Skip Navigation

Doppler Effect

Main Core Tie

Science - Earth Science
Standard 1 Objective 1

Time Frame

1 class periods of 90 minutes each

Group Size



Utah LessonPlans


Students will see and hear demonstrations of the Doppler Effect and then make an advertisement for a rock and roll band called “The Doppler Effect”.



  • coiled phone cord
  • rope or slinky
  • computer for each student group or one
  • computer and projector
  • student page (see below)
  • construction paper or a printer

Background for Teachers

Time needed: 90 minutes if computers are used for the poster, less if students do them by hand.

Student Prior Knowledge

This is an introductory activity.

Instructional Procedures

  1. Review with students what is meant by frequency and how the frequency produces a pitch. This should be review from 8th grade. Use the phone cord or slinky to model a frequency and change it to a longer and shorter wave. Describe how sound changes as the source of the sound is either moving toward them or away from them. Ask them why the pitch of the sound gets higher if the sound source is moving toward them and lower if it is moving away from them. The students moving the slinky or phone cord can model this by moving toward and away from one another (trying to keep the same frequency). Hopefully, through illustrations and examples they will see that the frequency is changing as the source is moving.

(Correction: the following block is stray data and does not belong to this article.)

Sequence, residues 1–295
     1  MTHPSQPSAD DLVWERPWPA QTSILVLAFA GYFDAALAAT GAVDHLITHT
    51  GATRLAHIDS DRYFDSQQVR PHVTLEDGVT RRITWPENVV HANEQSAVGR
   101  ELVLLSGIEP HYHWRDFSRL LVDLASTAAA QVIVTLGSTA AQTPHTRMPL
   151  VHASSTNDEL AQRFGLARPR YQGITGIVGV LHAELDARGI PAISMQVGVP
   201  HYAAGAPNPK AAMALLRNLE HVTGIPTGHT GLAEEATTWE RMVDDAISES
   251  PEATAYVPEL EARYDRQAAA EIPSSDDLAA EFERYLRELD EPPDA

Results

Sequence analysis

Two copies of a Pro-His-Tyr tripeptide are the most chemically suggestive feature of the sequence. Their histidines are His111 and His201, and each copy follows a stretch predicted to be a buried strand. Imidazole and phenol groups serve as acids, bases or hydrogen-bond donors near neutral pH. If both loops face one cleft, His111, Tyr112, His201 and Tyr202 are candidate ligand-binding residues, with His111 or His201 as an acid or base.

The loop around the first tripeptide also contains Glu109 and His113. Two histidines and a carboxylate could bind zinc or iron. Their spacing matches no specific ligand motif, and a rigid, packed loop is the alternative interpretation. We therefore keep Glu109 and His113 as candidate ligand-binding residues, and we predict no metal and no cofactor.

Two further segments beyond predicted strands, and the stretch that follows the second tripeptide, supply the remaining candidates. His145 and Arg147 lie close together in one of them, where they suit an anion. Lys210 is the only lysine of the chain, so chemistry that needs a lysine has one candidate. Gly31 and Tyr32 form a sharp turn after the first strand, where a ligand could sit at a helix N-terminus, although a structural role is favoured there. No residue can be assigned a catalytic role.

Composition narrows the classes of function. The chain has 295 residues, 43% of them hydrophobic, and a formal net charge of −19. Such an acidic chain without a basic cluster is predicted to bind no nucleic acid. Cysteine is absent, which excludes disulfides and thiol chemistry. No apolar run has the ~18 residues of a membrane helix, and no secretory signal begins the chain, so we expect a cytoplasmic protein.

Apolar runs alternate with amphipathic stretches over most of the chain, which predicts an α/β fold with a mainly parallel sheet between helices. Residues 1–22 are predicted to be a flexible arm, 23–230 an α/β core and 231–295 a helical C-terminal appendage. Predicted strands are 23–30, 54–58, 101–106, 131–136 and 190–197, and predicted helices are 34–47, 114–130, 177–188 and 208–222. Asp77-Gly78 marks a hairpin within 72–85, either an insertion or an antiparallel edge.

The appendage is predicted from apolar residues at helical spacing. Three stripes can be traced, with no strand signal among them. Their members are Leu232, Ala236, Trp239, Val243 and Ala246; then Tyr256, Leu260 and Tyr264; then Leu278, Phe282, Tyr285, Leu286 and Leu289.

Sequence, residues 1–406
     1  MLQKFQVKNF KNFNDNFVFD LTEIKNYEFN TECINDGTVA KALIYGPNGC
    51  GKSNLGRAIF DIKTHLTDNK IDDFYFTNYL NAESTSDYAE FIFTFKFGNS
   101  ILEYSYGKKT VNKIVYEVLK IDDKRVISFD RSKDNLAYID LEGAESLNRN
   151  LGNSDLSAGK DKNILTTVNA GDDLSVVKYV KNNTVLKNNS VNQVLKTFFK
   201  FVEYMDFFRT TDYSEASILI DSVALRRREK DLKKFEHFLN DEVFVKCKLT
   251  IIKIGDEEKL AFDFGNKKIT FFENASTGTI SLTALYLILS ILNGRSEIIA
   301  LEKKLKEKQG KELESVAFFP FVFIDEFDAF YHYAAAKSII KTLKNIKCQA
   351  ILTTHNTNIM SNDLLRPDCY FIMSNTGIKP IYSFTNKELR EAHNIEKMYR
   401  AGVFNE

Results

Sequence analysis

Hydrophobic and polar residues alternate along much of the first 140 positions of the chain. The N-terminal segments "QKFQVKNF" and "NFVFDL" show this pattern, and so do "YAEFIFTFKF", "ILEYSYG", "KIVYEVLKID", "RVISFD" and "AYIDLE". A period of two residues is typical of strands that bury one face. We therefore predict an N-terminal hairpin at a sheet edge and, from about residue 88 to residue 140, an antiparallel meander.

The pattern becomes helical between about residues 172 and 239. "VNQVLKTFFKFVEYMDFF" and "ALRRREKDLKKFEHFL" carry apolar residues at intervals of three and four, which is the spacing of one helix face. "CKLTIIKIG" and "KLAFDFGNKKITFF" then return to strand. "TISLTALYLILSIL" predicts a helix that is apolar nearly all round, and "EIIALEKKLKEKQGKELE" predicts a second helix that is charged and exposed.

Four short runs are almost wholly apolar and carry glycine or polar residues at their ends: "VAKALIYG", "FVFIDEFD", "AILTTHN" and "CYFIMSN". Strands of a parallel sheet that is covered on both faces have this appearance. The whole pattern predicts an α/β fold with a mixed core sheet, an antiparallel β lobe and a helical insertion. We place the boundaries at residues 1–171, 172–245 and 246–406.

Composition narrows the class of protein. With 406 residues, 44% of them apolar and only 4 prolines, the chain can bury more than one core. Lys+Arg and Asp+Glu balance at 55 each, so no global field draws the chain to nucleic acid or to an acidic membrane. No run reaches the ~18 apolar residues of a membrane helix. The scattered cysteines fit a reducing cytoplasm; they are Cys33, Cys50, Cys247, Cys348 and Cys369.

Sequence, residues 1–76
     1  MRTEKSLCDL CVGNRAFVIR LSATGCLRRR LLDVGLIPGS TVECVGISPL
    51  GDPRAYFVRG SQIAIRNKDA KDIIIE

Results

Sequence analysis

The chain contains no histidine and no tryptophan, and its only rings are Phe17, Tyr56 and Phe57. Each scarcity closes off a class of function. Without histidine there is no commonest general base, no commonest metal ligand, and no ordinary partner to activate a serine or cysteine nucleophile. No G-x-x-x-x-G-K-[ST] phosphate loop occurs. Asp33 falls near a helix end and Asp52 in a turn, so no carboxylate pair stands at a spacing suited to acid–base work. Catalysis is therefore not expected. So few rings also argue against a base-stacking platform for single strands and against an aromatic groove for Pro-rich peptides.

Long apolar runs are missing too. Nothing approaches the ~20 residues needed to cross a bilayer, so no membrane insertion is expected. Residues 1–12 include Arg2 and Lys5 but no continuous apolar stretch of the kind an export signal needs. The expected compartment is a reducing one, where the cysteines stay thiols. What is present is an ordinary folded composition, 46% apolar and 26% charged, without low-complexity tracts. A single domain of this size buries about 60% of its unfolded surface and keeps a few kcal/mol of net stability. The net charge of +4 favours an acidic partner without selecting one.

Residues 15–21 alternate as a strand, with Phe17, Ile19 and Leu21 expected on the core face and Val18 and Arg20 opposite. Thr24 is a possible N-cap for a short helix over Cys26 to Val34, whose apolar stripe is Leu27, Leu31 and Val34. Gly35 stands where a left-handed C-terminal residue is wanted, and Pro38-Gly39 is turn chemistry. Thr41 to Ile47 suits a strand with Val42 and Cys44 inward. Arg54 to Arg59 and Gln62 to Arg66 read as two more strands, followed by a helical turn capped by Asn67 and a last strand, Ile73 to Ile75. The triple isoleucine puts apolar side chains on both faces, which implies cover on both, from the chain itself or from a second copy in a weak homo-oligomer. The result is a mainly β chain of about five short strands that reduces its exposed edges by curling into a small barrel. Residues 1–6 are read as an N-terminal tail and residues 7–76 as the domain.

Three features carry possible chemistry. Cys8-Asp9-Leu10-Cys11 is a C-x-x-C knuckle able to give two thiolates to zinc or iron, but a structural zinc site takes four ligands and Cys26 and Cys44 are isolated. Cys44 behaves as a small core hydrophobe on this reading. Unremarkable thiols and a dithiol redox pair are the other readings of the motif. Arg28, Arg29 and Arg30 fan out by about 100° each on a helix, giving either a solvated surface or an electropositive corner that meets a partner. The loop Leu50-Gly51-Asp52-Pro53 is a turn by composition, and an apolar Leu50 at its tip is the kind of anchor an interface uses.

2. Play the applets for students or, if they are working independently on computers, they will do this themselves.
  3. Have student describe in their own words the reason a police siren sounds different as it approaches you and goes past. Discuss the reading on the student sheet that compares Doppler effect to Red Shift.
  4. Describe the poster students will be making for the band “Doppler Effect”. They can use the computers to look for pictures or text or they can draw them.
  5. Emphasize that the posters need to have factual information contained in them.


Lesson Design by Jordan School District Teachers and Staff.

Created: 10/31/2014
Updated: 02/05/2018